Zsolt Szepfalusi, MD

Szepfalusi-ZHead, Ped. Pulmonology, Allergy, Cystic Fibrosis and Lung Transplantation
Division of Ped. Pulmonology, Allergy and Endocrinology
Department of Pediatrics
Associate Professor of Pediatrics, Medical University of Vienna

MD: University of Vienna, Faculty of Medicine 
Postdoctoral Training: Institute of Pathophysiology
Clinical Training: Department of Pediatrics, Medical University of Vienna

Research Interests:
• Early development of allergies and interventional approaches
• Allergy development under immunosuppression
• Biomarkers of tolerance induction in food allergy

Early scientific activities focused on IgE-mediated allergies and in particular on the mode of materno-fetal interaction with emphasis on allergic sensitization (1993-1996). On an ex-vivo placenta model experimental data support the idea of an early materno-fetal allergen-cross talk (1998-2005). Early fetal allergen-exposure could be shown to mature the fetal allergen-specific T cell responses towards a Th1-driven response, suggesting a potential way to tolerize the fetal immune system by early allergen exposure (2006-2012). Based on these experimental observations clinical studies have been started to elucidate the early and preventive effect of allergen-specific immunotherapy in young children (2005-ongoing). Actually, the first placebo-controlled, sensitization-preventive sublingual immunotherapy trial is ending (2008-2012). A particular research focus emerged more recently from observations on lung transplanted children and adolescents. Despite strong T cell-focused immunosuppression, IgE-mediated sensitizations and allergies were observed very often (20%). In cross-sectional, prospective and immunological studies the particular Th2-driving capacity of tacrolimus could be shown (2006-2014). Food allergy diagnosis is a big challenge, often necessitating a food-challenge. New biomarkers are needed which might predict clinical relevance of certain food IgE sensitizations. The role of the high-affinity FcERI is studied in vitro and in various types of IgE- and non-IgE-mediated allergies (2007-2015).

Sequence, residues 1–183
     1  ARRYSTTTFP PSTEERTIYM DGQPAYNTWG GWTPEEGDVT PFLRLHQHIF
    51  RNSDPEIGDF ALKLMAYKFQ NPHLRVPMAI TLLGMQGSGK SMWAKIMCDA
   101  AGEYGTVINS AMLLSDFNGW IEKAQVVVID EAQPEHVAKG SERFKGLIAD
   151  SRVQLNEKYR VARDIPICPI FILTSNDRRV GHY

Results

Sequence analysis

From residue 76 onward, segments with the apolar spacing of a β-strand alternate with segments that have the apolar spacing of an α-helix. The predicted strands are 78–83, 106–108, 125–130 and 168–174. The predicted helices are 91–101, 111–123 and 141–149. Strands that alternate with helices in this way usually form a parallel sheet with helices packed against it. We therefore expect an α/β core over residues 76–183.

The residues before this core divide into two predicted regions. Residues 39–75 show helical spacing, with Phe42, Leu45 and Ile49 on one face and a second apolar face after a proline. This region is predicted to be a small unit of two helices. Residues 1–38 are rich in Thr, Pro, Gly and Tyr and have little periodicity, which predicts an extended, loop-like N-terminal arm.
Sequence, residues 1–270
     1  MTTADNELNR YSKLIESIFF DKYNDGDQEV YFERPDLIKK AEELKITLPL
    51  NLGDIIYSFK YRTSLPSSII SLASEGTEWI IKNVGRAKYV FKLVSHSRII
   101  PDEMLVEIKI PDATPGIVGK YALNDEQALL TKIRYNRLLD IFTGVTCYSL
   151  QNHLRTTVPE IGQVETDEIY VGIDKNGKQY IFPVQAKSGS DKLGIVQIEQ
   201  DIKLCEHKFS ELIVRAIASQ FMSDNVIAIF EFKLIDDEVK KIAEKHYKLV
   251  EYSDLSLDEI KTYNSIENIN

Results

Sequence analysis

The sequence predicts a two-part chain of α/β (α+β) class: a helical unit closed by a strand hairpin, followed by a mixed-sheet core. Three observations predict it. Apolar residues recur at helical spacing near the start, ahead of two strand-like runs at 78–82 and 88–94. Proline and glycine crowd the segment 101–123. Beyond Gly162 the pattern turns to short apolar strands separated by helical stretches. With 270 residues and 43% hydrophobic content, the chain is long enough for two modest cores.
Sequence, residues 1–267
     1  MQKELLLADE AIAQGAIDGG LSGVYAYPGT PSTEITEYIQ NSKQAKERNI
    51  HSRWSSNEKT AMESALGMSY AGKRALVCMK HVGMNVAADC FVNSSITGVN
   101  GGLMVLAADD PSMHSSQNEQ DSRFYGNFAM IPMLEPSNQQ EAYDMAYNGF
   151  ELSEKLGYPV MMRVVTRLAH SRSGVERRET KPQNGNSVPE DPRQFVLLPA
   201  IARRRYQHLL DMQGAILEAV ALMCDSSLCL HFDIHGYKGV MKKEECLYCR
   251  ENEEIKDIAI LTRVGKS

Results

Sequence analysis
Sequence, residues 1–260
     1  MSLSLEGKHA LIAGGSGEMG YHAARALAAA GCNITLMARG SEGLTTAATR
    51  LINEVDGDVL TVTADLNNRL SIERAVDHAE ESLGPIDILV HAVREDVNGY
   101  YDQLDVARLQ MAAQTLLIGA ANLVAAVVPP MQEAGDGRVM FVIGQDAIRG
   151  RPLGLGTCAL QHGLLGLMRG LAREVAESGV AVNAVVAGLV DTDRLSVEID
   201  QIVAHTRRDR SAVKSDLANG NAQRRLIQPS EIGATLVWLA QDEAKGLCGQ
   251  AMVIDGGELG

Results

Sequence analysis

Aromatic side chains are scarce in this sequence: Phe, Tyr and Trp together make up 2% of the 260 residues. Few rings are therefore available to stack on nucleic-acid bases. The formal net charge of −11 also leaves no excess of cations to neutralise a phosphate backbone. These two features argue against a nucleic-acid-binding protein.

Proposed PhD research projects:
1) Transmission of Type I allergy through human allogeneic hematopoietic cell transplantation
2) Novel predictive markers and monitoring parameters for clinical manifestations of allergies